If you recall,last week news blogger Matt Coker wrote that Vicky Baxter, executive director of Downtown Incorporated of Santa Ana, received a call from Homeland Security asking the Santa Ana Art Walk and Cacophony Society
to explain themselves (!) before giving them the go ahead to display their work.
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Coker describes the Cacophony Society thusly: "The Cacophony Society began in 1986 as a spin-off of San Francisco's Suicide Club, describes itself as 'a randomly gathered network of free spirits united in the pursuit of experiences beyond the pale of mainstream society.'" In other words, it's all Burning Man fodder.
L.A. Records' music editor Dan Collins has fond memories of these events, and talked about them yesterday, after he found a naked vision of himself on the big screen as part of Jon Alloway's Cacophony Society documentary Into the Zone: the Story of the Cacophony Society.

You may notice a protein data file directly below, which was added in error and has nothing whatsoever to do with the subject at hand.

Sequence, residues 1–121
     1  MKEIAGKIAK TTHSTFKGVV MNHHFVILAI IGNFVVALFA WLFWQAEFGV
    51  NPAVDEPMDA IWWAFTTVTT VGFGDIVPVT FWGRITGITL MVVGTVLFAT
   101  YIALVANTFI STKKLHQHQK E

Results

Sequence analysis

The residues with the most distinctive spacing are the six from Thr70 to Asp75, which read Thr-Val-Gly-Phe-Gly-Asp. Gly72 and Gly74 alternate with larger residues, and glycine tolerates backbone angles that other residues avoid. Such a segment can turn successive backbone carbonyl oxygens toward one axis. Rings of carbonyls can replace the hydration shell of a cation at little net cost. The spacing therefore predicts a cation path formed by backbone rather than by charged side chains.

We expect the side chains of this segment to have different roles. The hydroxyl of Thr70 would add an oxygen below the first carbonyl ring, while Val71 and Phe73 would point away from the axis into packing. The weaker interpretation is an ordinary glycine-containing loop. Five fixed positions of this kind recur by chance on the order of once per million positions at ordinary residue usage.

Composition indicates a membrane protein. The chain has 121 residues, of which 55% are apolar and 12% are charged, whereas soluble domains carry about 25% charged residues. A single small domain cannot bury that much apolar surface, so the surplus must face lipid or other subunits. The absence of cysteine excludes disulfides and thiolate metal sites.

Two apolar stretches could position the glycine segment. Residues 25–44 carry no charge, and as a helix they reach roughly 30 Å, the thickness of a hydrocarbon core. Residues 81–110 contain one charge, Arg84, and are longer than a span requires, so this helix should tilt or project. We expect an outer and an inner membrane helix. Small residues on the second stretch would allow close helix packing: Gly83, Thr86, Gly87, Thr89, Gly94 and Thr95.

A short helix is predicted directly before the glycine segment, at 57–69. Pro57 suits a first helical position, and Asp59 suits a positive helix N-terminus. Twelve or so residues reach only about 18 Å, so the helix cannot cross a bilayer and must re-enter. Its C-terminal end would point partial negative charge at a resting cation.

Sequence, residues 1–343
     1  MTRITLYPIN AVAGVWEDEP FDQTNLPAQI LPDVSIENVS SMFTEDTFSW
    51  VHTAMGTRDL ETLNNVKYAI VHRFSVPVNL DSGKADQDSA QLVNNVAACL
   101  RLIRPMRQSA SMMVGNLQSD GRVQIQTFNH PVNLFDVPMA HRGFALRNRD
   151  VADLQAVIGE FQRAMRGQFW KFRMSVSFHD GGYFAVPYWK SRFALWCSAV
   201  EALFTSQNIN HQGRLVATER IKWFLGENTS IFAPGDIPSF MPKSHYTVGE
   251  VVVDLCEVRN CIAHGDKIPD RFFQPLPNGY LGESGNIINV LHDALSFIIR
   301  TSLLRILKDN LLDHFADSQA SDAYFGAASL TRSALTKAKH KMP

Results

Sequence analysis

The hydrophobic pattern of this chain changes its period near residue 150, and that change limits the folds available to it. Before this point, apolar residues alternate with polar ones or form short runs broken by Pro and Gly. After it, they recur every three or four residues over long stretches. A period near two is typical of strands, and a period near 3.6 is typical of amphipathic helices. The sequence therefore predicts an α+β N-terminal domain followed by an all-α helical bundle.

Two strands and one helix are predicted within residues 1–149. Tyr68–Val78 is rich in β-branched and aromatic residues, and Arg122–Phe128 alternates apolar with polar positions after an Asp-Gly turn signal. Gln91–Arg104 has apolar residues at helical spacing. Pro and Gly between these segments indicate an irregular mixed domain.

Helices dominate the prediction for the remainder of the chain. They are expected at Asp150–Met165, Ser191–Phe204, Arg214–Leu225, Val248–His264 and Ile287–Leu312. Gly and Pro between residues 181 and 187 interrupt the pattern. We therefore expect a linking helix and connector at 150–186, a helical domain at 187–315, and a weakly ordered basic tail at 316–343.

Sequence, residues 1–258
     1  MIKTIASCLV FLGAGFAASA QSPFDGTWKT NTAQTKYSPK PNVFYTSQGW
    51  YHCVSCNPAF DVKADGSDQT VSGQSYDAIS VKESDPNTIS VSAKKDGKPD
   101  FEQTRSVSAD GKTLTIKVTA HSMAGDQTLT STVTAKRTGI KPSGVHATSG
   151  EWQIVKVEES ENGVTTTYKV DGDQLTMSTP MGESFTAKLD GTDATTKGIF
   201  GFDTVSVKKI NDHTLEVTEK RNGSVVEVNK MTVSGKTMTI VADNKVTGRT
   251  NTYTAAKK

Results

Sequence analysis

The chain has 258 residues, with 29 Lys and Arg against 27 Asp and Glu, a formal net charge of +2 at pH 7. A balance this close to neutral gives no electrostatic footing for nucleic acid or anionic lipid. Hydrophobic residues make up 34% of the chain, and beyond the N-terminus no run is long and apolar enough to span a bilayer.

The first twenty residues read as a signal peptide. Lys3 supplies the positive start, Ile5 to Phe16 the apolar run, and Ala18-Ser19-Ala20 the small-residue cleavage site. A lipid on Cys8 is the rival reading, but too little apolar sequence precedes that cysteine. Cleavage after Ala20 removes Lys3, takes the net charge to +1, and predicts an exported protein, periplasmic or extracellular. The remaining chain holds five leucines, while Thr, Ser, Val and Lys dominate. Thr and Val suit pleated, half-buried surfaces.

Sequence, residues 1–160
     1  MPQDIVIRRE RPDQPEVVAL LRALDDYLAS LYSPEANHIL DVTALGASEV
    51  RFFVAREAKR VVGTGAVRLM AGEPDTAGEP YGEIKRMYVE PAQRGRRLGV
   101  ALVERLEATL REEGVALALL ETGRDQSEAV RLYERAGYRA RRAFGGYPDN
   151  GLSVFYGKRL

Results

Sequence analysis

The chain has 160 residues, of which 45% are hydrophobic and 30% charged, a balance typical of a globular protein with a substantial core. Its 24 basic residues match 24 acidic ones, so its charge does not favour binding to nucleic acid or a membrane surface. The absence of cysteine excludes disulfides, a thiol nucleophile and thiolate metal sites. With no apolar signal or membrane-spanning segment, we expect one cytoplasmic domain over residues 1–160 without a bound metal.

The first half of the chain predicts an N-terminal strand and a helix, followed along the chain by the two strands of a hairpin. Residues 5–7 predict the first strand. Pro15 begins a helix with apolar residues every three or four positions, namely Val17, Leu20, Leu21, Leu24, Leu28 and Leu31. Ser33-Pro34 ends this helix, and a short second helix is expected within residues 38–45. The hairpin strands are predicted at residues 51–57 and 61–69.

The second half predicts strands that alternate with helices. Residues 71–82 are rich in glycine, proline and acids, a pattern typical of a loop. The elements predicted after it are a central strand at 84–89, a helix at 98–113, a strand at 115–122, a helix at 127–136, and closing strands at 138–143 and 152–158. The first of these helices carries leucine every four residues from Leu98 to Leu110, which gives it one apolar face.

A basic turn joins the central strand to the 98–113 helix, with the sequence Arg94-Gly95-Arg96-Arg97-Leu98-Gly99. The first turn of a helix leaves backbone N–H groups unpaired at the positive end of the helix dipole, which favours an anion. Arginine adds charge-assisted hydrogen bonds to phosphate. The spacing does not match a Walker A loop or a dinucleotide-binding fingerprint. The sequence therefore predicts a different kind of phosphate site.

Collins says in his numbered list:
3. I expected to see a young version of myself in a jumpsuit at the "Yard Sale of the Damned" I helped with in 2000 or so. I did NOT expect to see myself naked, 24 feet high, on a huge screen in Santa Ana, playing "strip dreidel" (which like so many of Cacophony's great ideas has now entered the mainstream) at Jew Night 2000.
4. I'm kind of shocked at how young and lithe and attractive my naked body was at age 23. I looked good!
5. Hmm ... maybe that wasn't me.
And there you have it. The real reason Homeland Security was so concerned about last weekend's Santa Ana Art Walk.